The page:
The only disappointment, then, is with the film’s extended midsection, which leans heavily on a slightly underwritten screenplay and consequently drifts into the realm of the banal. The film is carried on the shoulders of able performances by Hanks, Tom Sizemore, Ed Burns, and especially Jeremy Davies as a translator and journalist who’s never seen combat before. (As the Ryan of the title, Matt Damon is mostly relegated to the periphery.) They make the most of some carefully deployed dialogue that articulates their intellectual struggles (imagine — a big Hollywood summer picture with the courage to depict its characters grappling thematically with the action they’re involved in). Still, their journey across the French countryside seems less epic than perfunctory, as though a certain amount of screen time must be expended just getting them from here to there so they can muse on something new. A long sequence at the middle of the film, having to do with the soldiers’ responsibility toward a captured German, labors mightily to traverse some pretty familiar moral territory. It also sets up a development later in the film that makes perfect narrative sense but smacks of contrivance. And finally, the framing device set in the present day feels like far more of a sop to audiences than the similar (but almost unbearably moving) coda at the end of Schindler’s List.
It’s little transgressions like these that keep Spielberg from making a 100 percent successful “serious” film. (Schindler’s List exhibited an unfortunate urge toward melodrama that broke the otherwise complete spell it had over me.) Undervalued as a genre filmmaker and perhaps overexposed as the standard-bearer of “serious” Hollywood filmmaking, Spielberg’s most vexing feature may be the double-edged hyper-reality that his best tricks bring to bear on historical drama. On the one hand, his recent films deliver a compelling intellectual experience to a wider audience than most “intellectual” filmmakers could dream of, and that’s an admirable agenda for an artist with the resources of all Hollywood at his beck and call. But on the other, he’s so enamored of clever ironies and tidy storytelling that the fuzzy-lined unreality of his “realistic” films speaks in counterpoint to their supposed verisimilitude.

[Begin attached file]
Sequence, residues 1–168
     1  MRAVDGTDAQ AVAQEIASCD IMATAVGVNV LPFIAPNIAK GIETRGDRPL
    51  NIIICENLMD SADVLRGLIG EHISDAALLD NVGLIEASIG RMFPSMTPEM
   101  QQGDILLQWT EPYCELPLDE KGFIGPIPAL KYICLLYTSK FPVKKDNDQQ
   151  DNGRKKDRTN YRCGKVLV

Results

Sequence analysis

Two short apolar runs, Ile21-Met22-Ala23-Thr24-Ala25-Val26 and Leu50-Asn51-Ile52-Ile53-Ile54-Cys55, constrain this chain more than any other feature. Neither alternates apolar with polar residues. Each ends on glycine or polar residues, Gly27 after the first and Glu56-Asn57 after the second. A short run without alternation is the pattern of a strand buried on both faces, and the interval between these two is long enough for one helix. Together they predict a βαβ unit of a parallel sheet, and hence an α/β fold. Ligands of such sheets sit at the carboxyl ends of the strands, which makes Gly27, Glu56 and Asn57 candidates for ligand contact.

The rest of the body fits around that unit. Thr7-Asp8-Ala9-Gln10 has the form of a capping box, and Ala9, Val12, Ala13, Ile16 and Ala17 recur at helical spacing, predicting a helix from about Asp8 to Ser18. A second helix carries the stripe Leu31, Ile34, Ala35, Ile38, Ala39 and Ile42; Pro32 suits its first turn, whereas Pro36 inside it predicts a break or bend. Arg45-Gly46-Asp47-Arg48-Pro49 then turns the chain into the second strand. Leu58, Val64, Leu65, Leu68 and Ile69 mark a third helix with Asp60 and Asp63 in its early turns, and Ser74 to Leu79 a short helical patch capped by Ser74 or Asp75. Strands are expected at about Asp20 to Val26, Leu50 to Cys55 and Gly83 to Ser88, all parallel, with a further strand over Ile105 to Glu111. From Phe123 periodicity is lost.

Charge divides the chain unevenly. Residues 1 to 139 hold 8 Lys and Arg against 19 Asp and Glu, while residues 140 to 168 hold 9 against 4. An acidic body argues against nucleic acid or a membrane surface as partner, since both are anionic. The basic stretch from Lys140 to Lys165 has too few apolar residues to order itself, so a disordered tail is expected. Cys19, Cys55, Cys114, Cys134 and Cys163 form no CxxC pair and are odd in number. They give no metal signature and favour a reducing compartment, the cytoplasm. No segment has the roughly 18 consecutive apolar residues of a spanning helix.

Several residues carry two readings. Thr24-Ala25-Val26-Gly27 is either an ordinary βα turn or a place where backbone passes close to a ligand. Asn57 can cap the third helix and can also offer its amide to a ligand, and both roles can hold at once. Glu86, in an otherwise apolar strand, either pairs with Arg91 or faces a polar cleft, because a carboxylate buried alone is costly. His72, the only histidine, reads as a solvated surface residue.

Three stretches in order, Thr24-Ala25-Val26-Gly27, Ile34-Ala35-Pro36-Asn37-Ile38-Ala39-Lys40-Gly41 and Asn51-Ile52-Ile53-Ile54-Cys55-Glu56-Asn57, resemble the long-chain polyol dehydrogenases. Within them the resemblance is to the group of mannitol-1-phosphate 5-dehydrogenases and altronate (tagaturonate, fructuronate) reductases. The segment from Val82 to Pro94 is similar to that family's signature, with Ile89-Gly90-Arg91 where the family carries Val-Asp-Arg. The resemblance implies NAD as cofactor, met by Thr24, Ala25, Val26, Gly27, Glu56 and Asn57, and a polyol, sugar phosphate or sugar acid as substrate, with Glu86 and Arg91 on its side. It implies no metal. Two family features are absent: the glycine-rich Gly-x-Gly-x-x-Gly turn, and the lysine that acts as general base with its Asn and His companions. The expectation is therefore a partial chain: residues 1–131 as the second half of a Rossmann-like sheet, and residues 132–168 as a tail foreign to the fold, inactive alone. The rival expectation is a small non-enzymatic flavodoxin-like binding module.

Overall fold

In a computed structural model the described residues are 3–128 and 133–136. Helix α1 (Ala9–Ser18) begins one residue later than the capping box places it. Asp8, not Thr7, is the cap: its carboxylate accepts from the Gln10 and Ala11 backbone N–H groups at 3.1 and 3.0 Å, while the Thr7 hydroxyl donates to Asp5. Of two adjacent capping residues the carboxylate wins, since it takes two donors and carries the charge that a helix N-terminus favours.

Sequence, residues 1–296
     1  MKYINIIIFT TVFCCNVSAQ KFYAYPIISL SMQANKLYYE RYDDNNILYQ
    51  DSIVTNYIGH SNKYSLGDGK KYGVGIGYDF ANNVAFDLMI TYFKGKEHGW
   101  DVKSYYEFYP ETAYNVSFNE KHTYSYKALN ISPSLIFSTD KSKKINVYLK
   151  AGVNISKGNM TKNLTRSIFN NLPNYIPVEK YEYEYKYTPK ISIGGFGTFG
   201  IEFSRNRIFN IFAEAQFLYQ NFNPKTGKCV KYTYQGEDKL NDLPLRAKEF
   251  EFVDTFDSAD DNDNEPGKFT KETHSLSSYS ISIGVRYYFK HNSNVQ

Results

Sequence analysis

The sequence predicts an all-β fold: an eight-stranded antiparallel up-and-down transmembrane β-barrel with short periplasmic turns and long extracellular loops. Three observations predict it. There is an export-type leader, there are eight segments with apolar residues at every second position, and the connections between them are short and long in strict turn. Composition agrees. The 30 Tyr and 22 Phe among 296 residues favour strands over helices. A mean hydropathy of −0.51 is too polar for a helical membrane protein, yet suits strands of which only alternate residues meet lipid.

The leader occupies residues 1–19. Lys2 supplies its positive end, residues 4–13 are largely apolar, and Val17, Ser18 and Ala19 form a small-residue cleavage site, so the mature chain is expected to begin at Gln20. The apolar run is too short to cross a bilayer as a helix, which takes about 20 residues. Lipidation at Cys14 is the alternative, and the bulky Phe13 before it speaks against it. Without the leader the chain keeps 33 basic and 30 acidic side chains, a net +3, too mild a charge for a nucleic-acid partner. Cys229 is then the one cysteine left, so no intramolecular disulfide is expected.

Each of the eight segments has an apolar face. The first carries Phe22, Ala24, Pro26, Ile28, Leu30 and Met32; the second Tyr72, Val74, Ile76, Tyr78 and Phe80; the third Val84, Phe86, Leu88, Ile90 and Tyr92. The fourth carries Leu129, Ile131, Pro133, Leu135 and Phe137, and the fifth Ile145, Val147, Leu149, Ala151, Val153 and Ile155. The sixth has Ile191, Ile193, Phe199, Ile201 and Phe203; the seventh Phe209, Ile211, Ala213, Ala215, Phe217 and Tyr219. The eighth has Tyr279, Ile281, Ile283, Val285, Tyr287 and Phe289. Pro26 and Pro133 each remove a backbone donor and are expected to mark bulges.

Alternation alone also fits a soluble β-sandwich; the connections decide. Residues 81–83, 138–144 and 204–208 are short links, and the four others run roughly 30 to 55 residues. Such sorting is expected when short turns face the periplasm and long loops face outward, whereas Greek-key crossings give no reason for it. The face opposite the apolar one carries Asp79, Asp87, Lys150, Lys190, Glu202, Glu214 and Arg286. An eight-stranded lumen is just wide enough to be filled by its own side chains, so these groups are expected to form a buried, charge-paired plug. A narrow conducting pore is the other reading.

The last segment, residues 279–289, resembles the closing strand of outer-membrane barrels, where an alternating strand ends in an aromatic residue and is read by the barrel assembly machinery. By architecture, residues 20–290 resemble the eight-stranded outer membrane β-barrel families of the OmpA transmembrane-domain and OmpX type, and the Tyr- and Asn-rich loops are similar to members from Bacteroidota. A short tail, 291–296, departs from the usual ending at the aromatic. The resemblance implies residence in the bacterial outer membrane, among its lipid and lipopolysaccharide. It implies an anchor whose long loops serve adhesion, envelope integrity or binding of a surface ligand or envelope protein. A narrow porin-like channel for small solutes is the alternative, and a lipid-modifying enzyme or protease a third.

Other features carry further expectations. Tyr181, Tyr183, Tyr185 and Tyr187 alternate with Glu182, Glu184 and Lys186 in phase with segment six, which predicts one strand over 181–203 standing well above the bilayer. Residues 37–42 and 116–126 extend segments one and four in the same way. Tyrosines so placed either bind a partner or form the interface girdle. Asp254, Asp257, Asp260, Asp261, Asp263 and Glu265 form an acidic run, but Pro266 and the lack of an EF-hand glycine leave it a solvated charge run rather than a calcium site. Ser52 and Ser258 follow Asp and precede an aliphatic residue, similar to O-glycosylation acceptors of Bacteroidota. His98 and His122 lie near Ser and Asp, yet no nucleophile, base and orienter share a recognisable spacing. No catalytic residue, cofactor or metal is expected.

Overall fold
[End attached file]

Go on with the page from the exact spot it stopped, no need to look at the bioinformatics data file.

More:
The Hollywood establishment too often values realism above more aesthetic virtues, and so it’s no surprise that a terrific movie about the Holocaust, or about the experience of soldiers fighting in the Second World War, commands their tears, and thus their respect, in a way that Jaws or Close Encounters of the Third Kindcould never quite manage. I don’t mean to knock Schindler’s List or Saving Private Ryan, both of which verge on greatness. But Spielberg seems unable or unwilling to muster the fierce, wholly uncompromised intensity that would take these stories to the next level. I get the feeling that Spielberg’s still-robust sense of wonder sends interfering signals through these “serious” pictures, ultimately blocking the creation of the clear-eyed, unsentimental masterpiece that is so clearly desired. As good and powerful as it is, none of Spielberg’s recent work has spoken quite as personally, or apparently sprung as effortlessly from the core of his being, as those early tales of daring archeologists, little men from outer space, and the great white forces of nature that chill all of us to the very core and demand their own ultimate sacrifice.
David Fincher, whose brilliant career as a director of music videos encompassed such highs and lows as Madonna’s “Express Yourself” and Rick Springfield’s “Bop ‘Til You Drop,” has helmed an almost overly stylish thriller about the evil that men do and the myriad ways to punish them. And this thriller is so unlikely on its surface that when the machine kicks into high gear and the characters really start to matter to us, its impact seems all-encompassing and lingers for days after viewing.